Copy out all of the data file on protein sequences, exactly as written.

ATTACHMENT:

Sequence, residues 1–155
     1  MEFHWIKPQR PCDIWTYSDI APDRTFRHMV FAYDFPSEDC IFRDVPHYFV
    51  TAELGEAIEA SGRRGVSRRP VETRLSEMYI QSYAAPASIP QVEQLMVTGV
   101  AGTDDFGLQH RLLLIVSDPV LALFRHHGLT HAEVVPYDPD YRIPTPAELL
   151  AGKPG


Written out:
Sequence, residues 1–155
     1  MEFHWIKPQR PCDIWTYSDI APDRTFRHMV FAYDFPSEDC IFRDVPHYFV
    51  TAELGEAIEA SGRRGVSRRP VETRLSEMYI QSYAAPASIP QVEQLMVTGV
   101  AGTDDFGLQH RLLLIVSDPV LALFRHHGLT HAEVVPYDPD YRIPTPAELL
   151  AGKPG